After a delicious pub lunch we headed for Stonehenge with the The Stonehenge Tour Company. I didn't know what to expect. I had read about it for years, seen various television shows about it and always found it mysterious but you really can't comprehend the magnitude of it all until you're right there.

Stonehenge is one of Britain's greatest icons, symbolizing mystery, power and endurance. Its original purpose is unclear, but some people believe that it was a temple made for the worship of ancient earth. It has been called an astronomical observatory for marking significant events on the prehistoric calendar. Others claim that it was a sacred site for the burial of high-ranking citizens of long ago. While its real purpose is unknown, only something very important to the people of the past would have been worth the effort and investment that it took to construct Stonehenge. We walked around the stones with a mobile phone like device that allowed you to stop at numbered markers and the speaker would then explain what you were looking at. I took care where to walk as there were people on the path around the stones meditating...

The stones we see today represent Stonehenge in ruin. Many of the original stones have fallen or been removed by previous generations for home construction or road repair. There has been serious damage to some of the smaller stones due to visitors stupidly engraving their initials on them or chipping pieces off them as a souvenir. So since 1978 you're no longer allowed to be up close to the stones. The prehistoric carvings on the larger sarsen stones show signs of significant wear. The stones used in that first circle are believed to be from the Prescelly Mountains, about 240 miles away, in Wales. The bluestones weigh up to 4 tons each and about 80 stones were used, in all. Modern theories speculate that the stones were dragged by roller and sledge from the inland mountains to the headwaters of Milford Haven. There they were loaded onto rafts, barges or boats and sailed along the south coast of Wales, then up the Rivers Avon and Frome to a point near present-day Frome in Somerset. From this point, the stones were hauled overland, again, to a place near Warminster in Wiltshire, approximately 6 miles away. From there, it's back into the pool for a float down the River Wylye to Salisbury, then up the Salisbury Avon to West Amesbury, leaving only a short 2 mile drag from West Amesbury to the Stonehenge site. They must have REALLY wanted to build this...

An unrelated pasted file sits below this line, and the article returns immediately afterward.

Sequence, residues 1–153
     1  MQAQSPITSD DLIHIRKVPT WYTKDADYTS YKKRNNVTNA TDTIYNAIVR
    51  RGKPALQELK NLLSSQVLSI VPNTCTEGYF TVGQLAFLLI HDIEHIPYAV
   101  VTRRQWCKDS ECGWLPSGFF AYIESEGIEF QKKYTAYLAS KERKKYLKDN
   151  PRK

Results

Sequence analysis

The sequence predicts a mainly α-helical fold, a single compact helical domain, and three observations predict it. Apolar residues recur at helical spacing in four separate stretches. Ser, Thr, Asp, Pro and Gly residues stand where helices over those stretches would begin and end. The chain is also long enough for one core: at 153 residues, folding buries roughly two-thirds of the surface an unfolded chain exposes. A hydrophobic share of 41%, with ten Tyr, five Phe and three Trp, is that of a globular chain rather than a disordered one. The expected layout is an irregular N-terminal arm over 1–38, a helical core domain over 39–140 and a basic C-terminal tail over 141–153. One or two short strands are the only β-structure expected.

Who built Stonehenge? Who knows? The most enduring theory is, the Druids. Which is a mistake. Julius Caesar and other Roman writers told of a Celtic priesthood who flourished around the time of their first conquest (55 BC). By this time, the stones had been standing for 2,000 years, and were, perhaps, already in a ruined condition. Besides, the Druids worshipped in forest temples and had no need for stone structures.
The best guess seems to be that the Stonehenge site was begun by the people of the late Neolithic period (around 3000 BC) and carried forward by people from a new economy which was arising at this time. These "new" people, called Beaker Folk because of their use of pottery, began to use metal implements and to live in a more communal fashion than their ancestors.

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Sarum & Salisbury

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